Hi everyone, happy First Friday! Today we have a great interview with Robert Gurney, FAIA. Robert Gurney has become one of our favorites. His beautiful use of materials and timeless designs have our full attention; not to mention, he’s a good friend of our program. Today he shares valuable insight on his design process and methods. Take a look at his website for more projects. Meanwhile, we hope you enjoy the interview.
Images courtesy of Robert Gurney.
VT: The design of your residential projects explores varying levels of scales, from the overall design of a space into the extraordinary detail of stairs, for example. What drives the design intent of each project to create schemes with a sense of unity?
RG: The site drives all of the projects; this is our starting point. If we have a beautiful rural or suburban site, the building tends to be more focused and integrated physically with the site, not visually. The projects that are more urban projects – apartments, and row-houses (which often don’t have beautiful vistas) – tend to be more inwardly focused. These projects have more of an emphasis on the materials and the detailing, and how it all goes together. On projects that have larger sites and beautiful views we sometimes lose sight of the detailing. With that said, we strive to bring the same level of detail into all of our projects. In urban projects, a rooftop deck or a terrace above a garage can easily integration with the outside; it can really be strong. Experience with differently scaled projects and varied locations contribute to the success of each new project.
VT: You mention how your projects are designed to be timeless. What is your definition of timelessness, and what advice can you offer young designers who aim to create impactful, memorable, and timeless spaces?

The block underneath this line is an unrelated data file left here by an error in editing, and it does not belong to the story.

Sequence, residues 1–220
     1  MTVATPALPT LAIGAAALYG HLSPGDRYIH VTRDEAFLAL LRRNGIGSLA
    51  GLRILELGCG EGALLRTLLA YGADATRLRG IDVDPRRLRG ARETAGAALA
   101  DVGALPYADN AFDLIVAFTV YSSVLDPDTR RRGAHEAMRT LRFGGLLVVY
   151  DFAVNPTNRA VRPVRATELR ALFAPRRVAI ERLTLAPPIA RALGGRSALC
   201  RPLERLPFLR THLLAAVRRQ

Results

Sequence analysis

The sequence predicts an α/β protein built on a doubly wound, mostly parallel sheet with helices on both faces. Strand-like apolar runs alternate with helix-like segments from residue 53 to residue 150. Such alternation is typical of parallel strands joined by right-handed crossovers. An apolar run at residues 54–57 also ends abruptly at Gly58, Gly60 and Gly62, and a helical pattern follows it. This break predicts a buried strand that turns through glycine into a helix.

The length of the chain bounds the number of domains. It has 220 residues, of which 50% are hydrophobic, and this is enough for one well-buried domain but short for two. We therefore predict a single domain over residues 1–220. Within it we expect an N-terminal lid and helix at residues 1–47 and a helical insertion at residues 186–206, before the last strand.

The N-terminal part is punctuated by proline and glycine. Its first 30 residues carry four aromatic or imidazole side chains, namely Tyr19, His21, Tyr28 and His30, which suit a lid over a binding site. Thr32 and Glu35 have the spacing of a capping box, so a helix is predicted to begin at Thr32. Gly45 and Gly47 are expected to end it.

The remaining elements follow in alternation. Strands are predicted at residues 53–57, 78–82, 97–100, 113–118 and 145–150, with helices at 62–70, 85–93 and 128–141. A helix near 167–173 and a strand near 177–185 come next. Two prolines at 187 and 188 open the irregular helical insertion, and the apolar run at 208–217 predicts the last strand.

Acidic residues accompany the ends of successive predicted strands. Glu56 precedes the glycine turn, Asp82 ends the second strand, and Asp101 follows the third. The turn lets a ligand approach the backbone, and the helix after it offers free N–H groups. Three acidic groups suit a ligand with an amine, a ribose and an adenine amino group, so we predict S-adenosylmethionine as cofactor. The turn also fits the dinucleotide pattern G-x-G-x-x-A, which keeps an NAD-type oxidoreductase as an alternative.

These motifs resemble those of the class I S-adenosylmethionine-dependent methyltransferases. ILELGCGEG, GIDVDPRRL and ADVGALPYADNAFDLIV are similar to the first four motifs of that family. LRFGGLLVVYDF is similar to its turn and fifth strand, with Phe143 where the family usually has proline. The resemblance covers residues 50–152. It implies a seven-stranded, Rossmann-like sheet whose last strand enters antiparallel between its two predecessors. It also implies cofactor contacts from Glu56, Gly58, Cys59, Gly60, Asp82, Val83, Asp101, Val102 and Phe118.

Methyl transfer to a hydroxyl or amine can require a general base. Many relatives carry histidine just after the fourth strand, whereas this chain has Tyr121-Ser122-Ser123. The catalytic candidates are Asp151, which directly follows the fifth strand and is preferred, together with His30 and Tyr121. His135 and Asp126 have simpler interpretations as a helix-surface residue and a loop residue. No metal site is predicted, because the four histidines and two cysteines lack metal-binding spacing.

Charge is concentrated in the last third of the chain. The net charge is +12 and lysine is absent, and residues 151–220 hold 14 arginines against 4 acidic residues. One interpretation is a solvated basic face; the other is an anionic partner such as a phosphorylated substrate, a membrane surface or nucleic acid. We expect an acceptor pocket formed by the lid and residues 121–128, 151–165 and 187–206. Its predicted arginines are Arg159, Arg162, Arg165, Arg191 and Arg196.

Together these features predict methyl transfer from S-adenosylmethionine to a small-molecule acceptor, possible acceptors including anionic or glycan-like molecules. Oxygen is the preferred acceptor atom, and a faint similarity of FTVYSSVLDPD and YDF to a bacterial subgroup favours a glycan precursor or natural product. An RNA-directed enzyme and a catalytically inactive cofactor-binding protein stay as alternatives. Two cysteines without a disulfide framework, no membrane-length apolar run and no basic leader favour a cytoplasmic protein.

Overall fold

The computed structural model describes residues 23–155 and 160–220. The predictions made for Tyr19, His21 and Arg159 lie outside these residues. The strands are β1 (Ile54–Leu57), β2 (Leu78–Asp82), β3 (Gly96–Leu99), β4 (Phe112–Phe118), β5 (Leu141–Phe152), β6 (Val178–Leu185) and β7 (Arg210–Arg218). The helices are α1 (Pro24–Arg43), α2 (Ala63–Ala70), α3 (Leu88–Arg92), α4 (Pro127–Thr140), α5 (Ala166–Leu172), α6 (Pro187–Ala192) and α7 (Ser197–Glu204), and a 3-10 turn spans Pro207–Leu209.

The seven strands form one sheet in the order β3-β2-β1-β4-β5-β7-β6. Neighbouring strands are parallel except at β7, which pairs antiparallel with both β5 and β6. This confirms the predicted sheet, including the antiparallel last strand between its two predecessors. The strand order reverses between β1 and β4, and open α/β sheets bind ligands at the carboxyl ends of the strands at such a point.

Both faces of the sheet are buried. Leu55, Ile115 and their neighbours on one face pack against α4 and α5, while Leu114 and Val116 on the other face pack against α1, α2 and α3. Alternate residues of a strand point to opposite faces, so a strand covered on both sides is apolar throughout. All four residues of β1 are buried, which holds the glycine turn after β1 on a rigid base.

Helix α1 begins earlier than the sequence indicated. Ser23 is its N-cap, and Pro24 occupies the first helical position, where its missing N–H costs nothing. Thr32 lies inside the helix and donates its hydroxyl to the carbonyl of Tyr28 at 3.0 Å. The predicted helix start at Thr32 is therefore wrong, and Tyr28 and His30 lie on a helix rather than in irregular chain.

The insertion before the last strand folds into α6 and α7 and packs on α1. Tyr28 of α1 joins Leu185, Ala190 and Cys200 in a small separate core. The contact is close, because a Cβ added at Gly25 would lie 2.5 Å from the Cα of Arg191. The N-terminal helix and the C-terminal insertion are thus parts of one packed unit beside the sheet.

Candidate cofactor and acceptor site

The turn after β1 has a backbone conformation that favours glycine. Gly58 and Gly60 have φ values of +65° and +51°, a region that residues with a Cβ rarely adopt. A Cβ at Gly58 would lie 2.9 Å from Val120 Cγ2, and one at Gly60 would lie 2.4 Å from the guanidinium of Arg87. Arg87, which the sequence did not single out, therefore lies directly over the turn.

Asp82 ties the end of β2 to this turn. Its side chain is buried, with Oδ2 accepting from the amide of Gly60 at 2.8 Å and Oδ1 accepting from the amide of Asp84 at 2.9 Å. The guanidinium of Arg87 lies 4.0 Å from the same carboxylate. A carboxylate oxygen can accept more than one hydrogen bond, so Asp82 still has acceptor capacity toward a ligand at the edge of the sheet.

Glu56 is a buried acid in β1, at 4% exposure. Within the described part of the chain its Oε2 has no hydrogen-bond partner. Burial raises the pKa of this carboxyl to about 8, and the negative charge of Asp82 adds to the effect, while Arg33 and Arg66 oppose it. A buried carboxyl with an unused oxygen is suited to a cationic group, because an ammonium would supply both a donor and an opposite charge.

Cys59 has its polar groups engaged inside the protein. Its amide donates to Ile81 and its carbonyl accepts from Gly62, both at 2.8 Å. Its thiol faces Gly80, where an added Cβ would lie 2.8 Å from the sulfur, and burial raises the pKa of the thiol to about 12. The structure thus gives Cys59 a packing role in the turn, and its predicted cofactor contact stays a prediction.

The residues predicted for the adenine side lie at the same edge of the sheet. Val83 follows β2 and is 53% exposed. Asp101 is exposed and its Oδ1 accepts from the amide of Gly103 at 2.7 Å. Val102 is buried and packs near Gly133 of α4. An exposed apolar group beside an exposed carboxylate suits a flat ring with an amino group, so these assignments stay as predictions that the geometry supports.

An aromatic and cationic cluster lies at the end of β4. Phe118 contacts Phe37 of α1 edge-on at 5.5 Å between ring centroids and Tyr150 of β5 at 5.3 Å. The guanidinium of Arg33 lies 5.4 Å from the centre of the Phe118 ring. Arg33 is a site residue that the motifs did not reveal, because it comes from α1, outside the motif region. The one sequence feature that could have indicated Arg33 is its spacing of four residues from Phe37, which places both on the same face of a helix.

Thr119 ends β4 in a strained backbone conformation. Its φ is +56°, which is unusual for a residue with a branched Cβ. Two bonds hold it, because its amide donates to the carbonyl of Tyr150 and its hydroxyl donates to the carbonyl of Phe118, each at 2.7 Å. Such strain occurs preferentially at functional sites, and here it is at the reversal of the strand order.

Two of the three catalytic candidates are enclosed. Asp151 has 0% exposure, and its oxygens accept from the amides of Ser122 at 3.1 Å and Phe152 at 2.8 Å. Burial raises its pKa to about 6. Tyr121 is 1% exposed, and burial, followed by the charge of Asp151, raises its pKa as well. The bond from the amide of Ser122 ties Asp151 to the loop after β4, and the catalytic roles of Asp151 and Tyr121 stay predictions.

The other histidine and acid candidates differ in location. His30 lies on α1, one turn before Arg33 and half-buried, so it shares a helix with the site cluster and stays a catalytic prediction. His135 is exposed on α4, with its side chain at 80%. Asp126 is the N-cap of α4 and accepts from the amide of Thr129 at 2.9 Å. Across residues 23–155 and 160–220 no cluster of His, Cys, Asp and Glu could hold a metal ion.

RG: I think an important part of this is the materials we use. Whether it’s the exterior of the building or the interior of the building, we use a lot of natural wood, natural stone, steel, and glass; we try to stay away from a lot of color. Color typically comes from the material. Also, color can come through finishes and things that are changeable, but the things that you are not going to change are millwork, flooring, cabinetry, etc. Not only do we try to implement materials that are natural and familiar, but ones that what we think will look good in ten, fifteen, or fifty years. A beautiful stone wall is going to look beautiful in two hundred years. It’s also how you respond to the context both in terms of scale and back again to materials, and how you sit the building on the site. These contribute to the buildings timelessness, and how it will stand the test of time.
VT: The uses of natural elements are expressed beautifully within your portfolio. Are your uses for natural elements project specific, or do you have an underlying philosophy as a designer that can be found from project to project?
RG: I try not to use the same materials over and over again, but if you find a beautiful material, repetition isn’t a good reason to not use it. Sometimes clients will see a certain project and a material that you use, and they want to use it in their project. There are some projects that have a lot of mahogany and maple, and other projects that have a lot of white oak and walnut; this reflects how we pair materials. We are using a lot of natural materials while trying to mix it up as much as we can; at the same time, I’m not sure that we fall into the idea that everything you do has to be the newest, latest thing. I would rather do what I am comfortable with, and do it well. There’s an interesting balance between materials that we know work well and stand the test of time, and the incorporation of new materials. In terms of sustainability, we try to make sure all of the woods that we use are Forest Stewardship Council (FSC) certified, and use reconstituted or LEED certified materials; we are really sensitive to this.